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sorry g ahead. >> one last thing, francisco. do you believe that there needs to be more adjustment on opec's front, and does thrift with qatar throw that into question? >> it does a little bit. i mean, i don't think opec needs to cut more. i think they need to be patient. we need command to pick up. we need growth to improve. cutting supply more aggressively could possibly lead to a further market share loss across opec and russia relative to the u.s. shale player. i don't think they want that. these losses could become permanent and that's a big risk for the cartel so very risky path to pursue. it puts a little bit of risk so the risks are initially to the downside, and as tensions continue to build, remember the middle east is a pressure cooker, and the heat is being turned on. so it does create more of a bullish outcome, six, 18 months down the line as those tensions continue to creep up higher. >> for now, energy stocks
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remaining higher, prices lower. francis francisco, thank you, from barge of america merrill lynch. dominic chu a quick market flash. >> watching signet jeweler shares down 2%. the company said in a regulatory filing its c.o.o. brian morgan resigned from the company because of somery violations at signet unrelated to financial matters, came out in a filing after yesterday's closing bell. we'll watch the shares closely. the shares down 45% already year-to-date, one of the worst performers in the s&p. back to you. >> dom, thank you very much. when we come back the big apple unveil, what the street has to say about the latest innovations at wwdc and the impact on the stock. amazon meantime announcing individuals on government assistance can now get prime at a special price. got details oen that, when "squawk on the street" continues. the doughnut in a doughnut in a doughnut.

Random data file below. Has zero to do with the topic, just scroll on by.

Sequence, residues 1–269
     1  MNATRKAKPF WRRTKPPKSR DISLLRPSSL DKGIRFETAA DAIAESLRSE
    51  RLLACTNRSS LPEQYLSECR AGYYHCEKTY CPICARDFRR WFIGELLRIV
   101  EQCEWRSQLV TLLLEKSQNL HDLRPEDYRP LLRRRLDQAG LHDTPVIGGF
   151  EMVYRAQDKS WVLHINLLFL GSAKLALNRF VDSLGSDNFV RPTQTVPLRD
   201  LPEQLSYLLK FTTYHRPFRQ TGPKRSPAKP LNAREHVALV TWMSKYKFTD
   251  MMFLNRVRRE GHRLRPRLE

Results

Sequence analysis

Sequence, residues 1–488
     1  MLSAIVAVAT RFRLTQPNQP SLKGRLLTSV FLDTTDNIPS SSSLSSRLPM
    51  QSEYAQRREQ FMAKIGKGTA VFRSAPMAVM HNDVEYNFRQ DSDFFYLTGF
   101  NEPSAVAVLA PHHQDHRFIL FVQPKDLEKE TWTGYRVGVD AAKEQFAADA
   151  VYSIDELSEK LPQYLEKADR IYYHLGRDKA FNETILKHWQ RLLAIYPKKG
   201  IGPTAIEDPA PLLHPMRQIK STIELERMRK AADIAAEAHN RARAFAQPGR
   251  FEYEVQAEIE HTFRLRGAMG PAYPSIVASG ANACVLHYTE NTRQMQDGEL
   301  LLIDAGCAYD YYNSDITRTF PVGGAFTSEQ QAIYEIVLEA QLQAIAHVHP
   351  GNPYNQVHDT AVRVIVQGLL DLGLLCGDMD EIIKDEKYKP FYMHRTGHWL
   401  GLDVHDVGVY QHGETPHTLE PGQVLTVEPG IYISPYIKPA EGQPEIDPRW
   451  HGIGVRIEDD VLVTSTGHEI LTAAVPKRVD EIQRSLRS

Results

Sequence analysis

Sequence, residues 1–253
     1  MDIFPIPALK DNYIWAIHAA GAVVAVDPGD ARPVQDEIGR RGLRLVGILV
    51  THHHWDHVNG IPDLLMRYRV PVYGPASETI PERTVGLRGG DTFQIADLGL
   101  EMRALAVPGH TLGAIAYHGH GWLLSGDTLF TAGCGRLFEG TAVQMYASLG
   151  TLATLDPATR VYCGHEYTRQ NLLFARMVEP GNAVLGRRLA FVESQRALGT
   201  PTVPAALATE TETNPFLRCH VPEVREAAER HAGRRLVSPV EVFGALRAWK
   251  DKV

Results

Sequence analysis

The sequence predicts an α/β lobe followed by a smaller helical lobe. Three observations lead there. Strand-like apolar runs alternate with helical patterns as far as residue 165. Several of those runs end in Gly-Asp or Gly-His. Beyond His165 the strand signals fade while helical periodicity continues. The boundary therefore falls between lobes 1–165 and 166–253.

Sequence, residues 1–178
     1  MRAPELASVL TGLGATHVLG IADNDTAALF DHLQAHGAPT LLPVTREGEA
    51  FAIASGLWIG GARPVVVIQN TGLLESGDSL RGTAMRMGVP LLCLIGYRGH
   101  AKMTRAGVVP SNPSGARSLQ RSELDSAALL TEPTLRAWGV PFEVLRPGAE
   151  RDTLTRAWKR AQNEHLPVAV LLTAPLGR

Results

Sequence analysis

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good morning, everyone. i'm sue herrera. here is your cnbc news update. london police releasing the photo and name of the suspected third attacker in the london bridge attack which left seven dead and 48 wound . 22-year-old youssef zaghba is believed to be abitalian national of moroccan dissent. afghanistan's president said last night's suicide truck bombing killed 158 people, makes it the deadliest single tack in the country since the 2001 u.s. invasion that. topple the taliban. a georgia woman is behind bars accused of leaking a top secret document about russian meddling in the 2016 election. 25-year-old reality winner is charged with sending a qualified report to an online media outlet. prosecutors said winner admitted she was the leaker. bill cosby arriving for day two of his sexual assault trial.